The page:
The Aarhus model
July 17, 2016 3:41 PM   Subscribe

"Aarhus is the first, to my knowledge, to grapple with [extremism] based on sound social psychology evidence and principles," Kruglanski says. What Link and Aarslev were doing was so unexpected that it created an opening for people to think differently about their ideology. "They expect to be treated harshly," Kruglanski says. Instead, they got the opposite. "That kind of shock opens people's minds to maybe they were wrong about their society that they perceived as their enemy. It opens a possible window into rethinking and re-evaluating."

Further proof of just how rare "common sense" is.
posted by chavenet at 3:51 PM on July 17, 2016 [8 favorites]

Maybe this Jesus guy from the Christian Gospels was on to something . . .

posted by Heywood Mogroot III at 3:56 PM on July 17, 2016 [5 favorites]

Reminds me of this article: All you need is love, or how the terrorists stopped terrorism.
posted by Freen at 3:59 PM on July 17, 2016 [3 favorites]

There is a treatment for youth who are spiritually seduced by radicalism. It is a one strike yer out kind of logic, which has been replaced by rationality, and the compassion it takes to apply and share it. It is an innately disrespectful approach to treat young people who seek in this particular arena as pre-criminals. They are young people doing what they do, especially when they are bullied and marginalized. Yeah, yeah, yeah, young rattlesnakes are just as poisonous as the mature ones, but in this case there is a lot of money flowing inside of radical organizations, used to lure foot soldiers. The problem of child soldiering is world wide.
posted by Oyéah at 4:02 PM on July 17, 2016

The turning point in the story was a police officer apologizing. To a minority. Unforced. As part of a sensible policing policy.

This feels like a crossover from a utopian alternate universe.
posted by clawsoon at 5:32 PM on July 17, 2016 [7 favorites]

Mostly utopian. Seems to me that Jamal wouldn't have needed the crime prevention officers' intervention had he not been raked across the coals for that single comment he made in class.
posted by RobotVoodooPower at 6:01 PM on July 17, 2016 [5 favorites]

This is hope. A direction towards solving the intractable problem. Not right away, not with everyone, but it will be less costly in the long run than the constant ratcheting up of security and the damage to civil society that goes along with it.

The key is belonging. Everyone has to feel like they belong, or everyone will have to be under suspicion at all times.
posted by yoz420 at 1:07 AM on July 18, 2016

The link makes me wonder if France's problem with terrorist attacks doesn't have to do with the hard-line approach they're taken towards their Muslim community (banning burquas and closing mosques) in turn radicalizing at-risk youth population. (Of course, France citizens didn't deserve to be killed, but after the last incident, "why France?" has been on people's minds, or at least mine.)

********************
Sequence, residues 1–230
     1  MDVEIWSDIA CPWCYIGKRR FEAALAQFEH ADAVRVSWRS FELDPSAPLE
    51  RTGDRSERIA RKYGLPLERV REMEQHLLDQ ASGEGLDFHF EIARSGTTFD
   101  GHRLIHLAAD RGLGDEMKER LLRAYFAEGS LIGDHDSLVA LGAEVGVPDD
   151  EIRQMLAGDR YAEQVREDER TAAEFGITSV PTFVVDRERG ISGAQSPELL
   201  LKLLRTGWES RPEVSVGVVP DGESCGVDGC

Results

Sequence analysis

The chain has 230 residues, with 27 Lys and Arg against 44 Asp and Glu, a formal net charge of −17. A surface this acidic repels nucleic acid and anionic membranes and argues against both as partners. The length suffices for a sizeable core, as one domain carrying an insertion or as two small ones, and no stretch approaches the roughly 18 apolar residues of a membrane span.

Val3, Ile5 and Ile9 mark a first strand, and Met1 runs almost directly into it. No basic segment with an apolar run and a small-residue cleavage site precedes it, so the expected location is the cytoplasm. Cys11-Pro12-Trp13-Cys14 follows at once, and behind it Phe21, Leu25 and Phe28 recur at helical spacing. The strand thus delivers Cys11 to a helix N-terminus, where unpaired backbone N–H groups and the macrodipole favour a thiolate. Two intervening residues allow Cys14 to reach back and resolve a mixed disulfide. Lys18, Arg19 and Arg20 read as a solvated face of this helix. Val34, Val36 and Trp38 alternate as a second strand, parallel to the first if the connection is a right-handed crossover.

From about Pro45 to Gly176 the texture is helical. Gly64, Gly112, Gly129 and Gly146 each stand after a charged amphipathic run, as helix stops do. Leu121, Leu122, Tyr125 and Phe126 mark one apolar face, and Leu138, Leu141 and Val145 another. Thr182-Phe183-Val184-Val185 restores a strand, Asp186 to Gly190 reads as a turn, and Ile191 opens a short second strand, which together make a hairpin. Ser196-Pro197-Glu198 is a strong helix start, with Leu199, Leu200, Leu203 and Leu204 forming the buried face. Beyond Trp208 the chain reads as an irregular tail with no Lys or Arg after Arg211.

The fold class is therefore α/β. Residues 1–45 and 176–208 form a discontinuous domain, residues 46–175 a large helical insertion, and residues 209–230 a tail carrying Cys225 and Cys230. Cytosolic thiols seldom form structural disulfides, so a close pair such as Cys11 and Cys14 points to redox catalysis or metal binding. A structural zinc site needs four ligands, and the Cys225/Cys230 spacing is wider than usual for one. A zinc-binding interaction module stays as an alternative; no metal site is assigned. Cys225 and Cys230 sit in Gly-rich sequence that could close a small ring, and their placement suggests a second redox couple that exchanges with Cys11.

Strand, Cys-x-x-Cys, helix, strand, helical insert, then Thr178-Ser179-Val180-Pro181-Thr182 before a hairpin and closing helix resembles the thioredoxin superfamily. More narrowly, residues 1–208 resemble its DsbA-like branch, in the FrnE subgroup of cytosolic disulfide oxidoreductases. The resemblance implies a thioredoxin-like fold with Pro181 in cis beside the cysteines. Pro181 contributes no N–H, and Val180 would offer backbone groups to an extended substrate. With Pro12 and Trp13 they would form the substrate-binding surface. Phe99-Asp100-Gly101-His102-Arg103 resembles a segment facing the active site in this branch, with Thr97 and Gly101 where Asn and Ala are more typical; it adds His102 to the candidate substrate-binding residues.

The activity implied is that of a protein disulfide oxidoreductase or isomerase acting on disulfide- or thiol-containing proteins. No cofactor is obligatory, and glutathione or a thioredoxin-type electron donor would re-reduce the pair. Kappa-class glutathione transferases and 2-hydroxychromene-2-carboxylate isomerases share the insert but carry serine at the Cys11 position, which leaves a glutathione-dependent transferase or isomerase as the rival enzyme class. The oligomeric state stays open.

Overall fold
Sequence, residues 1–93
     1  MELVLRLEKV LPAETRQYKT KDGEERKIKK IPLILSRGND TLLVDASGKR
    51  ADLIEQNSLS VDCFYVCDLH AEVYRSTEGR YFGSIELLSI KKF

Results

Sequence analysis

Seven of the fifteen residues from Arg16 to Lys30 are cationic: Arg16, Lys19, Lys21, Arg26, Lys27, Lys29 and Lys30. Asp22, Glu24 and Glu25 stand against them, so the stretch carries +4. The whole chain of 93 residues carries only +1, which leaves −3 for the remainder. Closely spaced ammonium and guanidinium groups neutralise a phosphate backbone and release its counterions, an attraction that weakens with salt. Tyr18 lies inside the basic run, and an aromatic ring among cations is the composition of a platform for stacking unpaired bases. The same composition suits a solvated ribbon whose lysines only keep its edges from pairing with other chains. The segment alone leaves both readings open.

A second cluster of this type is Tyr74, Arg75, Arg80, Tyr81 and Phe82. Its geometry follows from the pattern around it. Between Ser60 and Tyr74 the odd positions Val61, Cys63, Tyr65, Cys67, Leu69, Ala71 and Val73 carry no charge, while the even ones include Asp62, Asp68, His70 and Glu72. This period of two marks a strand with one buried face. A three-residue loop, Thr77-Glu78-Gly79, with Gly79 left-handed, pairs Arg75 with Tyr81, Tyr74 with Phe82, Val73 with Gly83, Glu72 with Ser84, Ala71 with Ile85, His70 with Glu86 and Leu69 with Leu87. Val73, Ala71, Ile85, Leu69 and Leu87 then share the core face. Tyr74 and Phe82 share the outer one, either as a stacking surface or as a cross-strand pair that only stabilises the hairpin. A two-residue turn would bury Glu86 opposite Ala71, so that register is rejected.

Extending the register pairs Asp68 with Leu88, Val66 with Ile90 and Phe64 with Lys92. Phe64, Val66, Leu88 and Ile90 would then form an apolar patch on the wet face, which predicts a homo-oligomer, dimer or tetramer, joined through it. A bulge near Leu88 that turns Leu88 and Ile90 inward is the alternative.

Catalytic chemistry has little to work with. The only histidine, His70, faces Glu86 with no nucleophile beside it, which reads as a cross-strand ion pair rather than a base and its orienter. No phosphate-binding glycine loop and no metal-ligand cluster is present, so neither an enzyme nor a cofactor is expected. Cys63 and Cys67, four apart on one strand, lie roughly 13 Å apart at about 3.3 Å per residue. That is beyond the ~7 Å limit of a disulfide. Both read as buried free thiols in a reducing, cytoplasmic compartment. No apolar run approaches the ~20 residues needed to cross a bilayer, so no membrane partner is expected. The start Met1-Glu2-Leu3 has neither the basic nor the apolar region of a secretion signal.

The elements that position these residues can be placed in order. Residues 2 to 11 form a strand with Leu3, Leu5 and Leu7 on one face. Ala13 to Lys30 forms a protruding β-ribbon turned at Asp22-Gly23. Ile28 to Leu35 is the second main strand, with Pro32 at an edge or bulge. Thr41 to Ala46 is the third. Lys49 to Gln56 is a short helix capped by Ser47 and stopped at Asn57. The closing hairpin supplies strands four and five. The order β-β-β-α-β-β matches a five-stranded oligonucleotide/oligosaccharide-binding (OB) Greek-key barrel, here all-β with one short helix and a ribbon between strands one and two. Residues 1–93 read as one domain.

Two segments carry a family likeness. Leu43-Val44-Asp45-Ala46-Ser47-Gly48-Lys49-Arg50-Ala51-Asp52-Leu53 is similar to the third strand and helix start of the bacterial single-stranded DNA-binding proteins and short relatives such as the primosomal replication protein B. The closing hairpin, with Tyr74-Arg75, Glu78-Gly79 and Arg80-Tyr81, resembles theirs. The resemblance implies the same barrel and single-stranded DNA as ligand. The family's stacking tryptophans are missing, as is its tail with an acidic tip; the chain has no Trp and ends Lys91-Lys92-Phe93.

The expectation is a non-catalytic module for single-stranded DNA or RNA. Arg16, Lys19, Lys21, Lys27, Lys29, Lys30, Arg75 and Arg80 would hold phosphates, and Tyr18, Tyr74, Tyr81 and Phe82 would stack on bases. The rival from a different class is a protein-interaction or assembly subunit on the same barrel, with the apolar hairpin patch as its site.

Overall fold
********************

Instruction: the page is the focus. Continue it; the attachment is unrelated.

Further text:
A similar approach as discussed in the link is being used towards at-risk youths in Richmond, CA. After identifying teenagers who are highly likely to shoot someone, or be shot and killed in the near future, they give them a mentor and a monthly stipend instead of a cell.
posted by fragmede at 1:54 AM on July 18, 2016 [1 favorite]

A similarly "unorthodox" approach to defusing radicalisation is being adopted in in Vilvoorde, in Belgium.
posted by progosk at 8:18 AM on July 18, 2016

This was on Invisibilia, which is a pretty great podcast that you folk should check out. They just scalped Hanna Rosin from Slate to co-host.
posted by leotrotsky at 9:51 AM on July 18, 2016

So glad to see that a common sense approach is finally starting to take hold, instead of the more common Punish-Them-All methodology that has been the tactic used by nearly everyone forever.

I think people get so drawn up into the "But Terrorism!" side of things that they forget that ultimately, so many of these Muslims being radicalized are young men, who as young men are extremely wont to do; bridle at authority. Governments take a hard line approach, crack down, and tell everyone "never ever do this"! and think that will work.

Shit, it's like no one remembers what it's like to be a teenager; I mean take perceived oppression, add in an outsider group that everyone is afraid of that will accept them, add in some military style training, add in your standard rebellious "what have you got?" teenage reaction, and then cook it over actual oppression, and you have the perfect recipe to keep the ranks of terrorist groups full. (replace "terrorist group" with "cult" or "gang" and the math still works out)

It's even easier in areas local to Isis, in that they don't have to start with perceived oppression, the actual bombs and guns of the West have provided a more than adequate reality there.

The one thing I do find kind of depressingly ironic is that so many of the young people rebelling against the authority of their state, are just replacing it with an even more draconian form of authority- albeit one that they probably haven't see the hard edge of punishment directed against them from yet.
posted by quin at 11:12 AM on July 18, 2016 [2 favorites]

When I lived in Aarhus in the early 2000s they also had this thing where you could borrow a Muslim (or a Roma person, or a Trans person) from the public library on a Saturday and take them for coffee to learn about their life. I could never decide if it was horrifyingly objectifying and othering, or a clever idea.

Either way, it is clearly a community that is willing to experiment in the service of social improvement.
posted by lollusc at 11:11 AM on July 19, 2016 [2 favorites]

« Older Presidential Campaigns Are Like Wildfires/State of...   |   “May the Force be with us.” Newer »

This thread has been archived and is closed to new comments